Wednesday, January 7, 2009

Author Interview: CAROL McKENZIE

Author Interview by A. J. Llewellyn

1. Hi Carol and welcome to the Divas’ Dark Den! My first question to you is about your latest release Cowboy Dreams for the Men on Holiday Anthology. It’s actually M/M/ rather than a M/M story isn’t it?

I appreciate the warm welcome AJ and many thanks to Divas’ Dark Den for having me today. Okay...now to answer your question. Let’s see...I wrote a story titled Cowboy Dreams over a year ago and it is not gay lit but more M/M/F historical. The story that released this December, 2008 at loveyoudivine is titled Cowboys’ Christmas.

C.C. is a gay love story with bits of eroticism in it. Two rodeo hands hook up after fulfilling their obligations to the rodeo circuit one cold December day in the state of Washington.

AJ says: Wow that sounds hot!

Thanks AJ! To clarify, Cowboys’ Christmas is not “porn” hot, but it’s more a romantic, warm story. At thirty, their backs ache from the rigors of being bucked off horses. Because they work different circuits, time separates them, but their love remains in tact. Every year they meet at the same spot and spend time together. The story contains couple of lovemaking scenes. C.C. is my addition to the print anthology to be published by loveyoudivine in 2009 titled Men On Holiday.

2. Was Pure Artistry - which is in the original Men antho - your first foray into the M/M realm and how did it come about?

A couple of years ago, I wrote Day of Reckoning which was my first serious attempt to write gay lit. I’ve always loved cowboys, gay or straight, and found that I had a lot of fun writing them. I believe Pure Artistry is the third attempt to write gay lit. I’ve read Lassoed by B.A. Tortuga and her work inspired to write my own story. I also watched (and loved) the movie Brokeback Mountain. This award-winning movie also inspired me to write M/M.

3. What kind of research did you do to write M/M?

As far as research goes, I’ve read stories by Ally Blue, (Willow Bend) and B.A. Tortuga, (Lassoed) and J. M. Snyder (Working Man). I’ve read articles on blogs which serves up a great source of research material. My deceased stepson was gay and for this reason I’m drawn to and know a little about this type of literature and lifestyle. The M/M title which necessitated a lot (I mean a lot) of research is releasing at www.ShadowfirePress.com January 16th, 2009.

Its title is Pirate of Purgatory Island and is about a Pirate who saves a Boston medical understudy from another pirate who plans to take him aboard his ship as a sex slave.

4. A pirate? That sounds amazing! I love pirates - but since it is involves a med student it’s clearly not a period piece…so I am curious what this research involves?

It involves many hours of study. Regarding pirates and medicine of the 1700s, I learned a lot from history.org . Google and the local library are both helpful instruments of research.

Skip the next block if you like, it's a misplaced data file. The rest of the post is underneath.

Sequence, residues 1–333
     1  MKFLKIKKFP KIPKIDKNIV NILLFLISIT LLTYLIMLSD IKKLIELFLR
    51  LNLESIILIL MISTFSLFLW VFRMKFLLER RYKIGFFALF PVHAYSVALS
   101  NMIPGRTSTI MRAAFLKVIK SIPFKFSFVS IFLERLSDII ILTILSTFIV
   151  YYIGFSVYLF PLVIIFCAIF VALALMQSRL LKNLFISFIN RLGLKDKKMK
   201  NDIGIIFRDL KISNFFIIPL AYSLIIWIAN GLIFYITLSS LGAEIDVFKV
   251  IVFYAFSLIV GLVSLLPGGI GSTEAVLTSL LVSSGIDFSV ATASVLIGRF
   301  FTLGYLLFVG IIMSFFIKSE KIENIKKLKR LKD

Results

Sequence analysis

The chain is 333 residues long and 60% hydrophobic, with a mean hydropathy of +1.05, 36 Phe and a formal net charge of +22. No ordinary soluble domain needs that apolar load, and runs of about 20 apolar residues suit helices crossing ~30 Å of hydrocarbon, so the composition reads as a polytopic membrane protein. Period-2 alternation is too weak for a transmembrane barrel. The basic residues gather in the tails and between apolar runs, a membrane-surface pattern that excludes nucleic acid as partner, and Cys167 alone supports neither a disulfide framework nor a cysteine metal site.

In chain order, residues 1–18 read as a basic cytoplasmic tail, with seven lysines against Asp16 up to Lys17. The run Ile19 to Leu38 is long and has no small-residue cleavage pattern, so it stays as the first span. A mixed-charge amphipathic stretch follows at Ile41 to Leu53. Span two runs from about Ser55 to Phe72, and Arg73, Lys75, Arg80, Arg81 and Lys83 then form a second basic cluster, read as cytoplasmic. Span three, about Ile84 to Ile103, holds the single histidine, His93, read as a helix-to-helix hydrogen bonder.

As you know, obtaining a degree in medicine today differs greatly when compared to the study of the profession in the 1770s. Doctors of Medicine chose young, bright men to study and work under their tutelage. There were very few skilled practitioners and a lot of people died from illnesses that today are seemingly simple to cure. A lot of quacks set up practice and made people deathly ill or killed them with their creative cures.

5. I cannot wait to rea this! Let me ask you, have you encountered any negativity being a woman writing gay erotic fiction? There is a disturbing groundswell for this…but my feeling is men have been writing as women and about women for years. Victor J. Banis pointed out to me that Brokeback - which you mention here, was written by a woman. He goes so far as to say that a man could have written this book. What is your opinion on this debate?

No, I’ve not personally encountered negativity. I believe most open-minded people realize that it is the Twenty-first Century, and creativity should not be thwarted by people telling people what subject or who they should write about. It’s akin to telling an artist what or who they may paint a picture of.

6. I know you also write F/F fiction. Is this a genre you plan to continue and which do you prefer?

I enjoy switching genres after finishing a story. F/F stories, to me, are as much fun to write as M/M stories. I plan to continue writing more of them for each of my three publishers, loveyoudivine, Shadowfire Press and Siren-Bookstrand Publishing. All this genre flip-flopping gives me a chance to regroup mentally and emotionally when the story is finished. I enjoy writing not only M/M and F/F, but also M/M/BF and interracial BF/WM.